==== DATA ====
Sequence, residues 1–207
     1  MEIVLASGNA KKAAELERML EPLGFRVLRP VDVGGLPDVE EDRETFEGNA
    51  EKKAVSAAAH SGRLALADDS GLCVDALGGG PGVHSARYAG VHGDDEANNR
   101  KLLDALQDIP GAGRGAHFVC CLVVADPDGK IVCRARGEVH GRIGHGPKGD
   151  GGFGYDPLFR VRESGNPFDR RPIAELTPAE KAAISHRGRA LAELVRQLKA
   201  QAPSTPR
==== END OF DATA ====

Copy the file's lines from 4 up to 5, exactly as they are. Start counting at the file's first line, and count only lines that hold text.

   101  KLLDALQDIP GAGRGAHFVC CLVVADPDGK IVCRARGEVH GRIGHGPKGD
   151  GGFGYDPLFR VRESGNPFDR RPIAELTPAE KAAISHRGRA LAELVRQLKA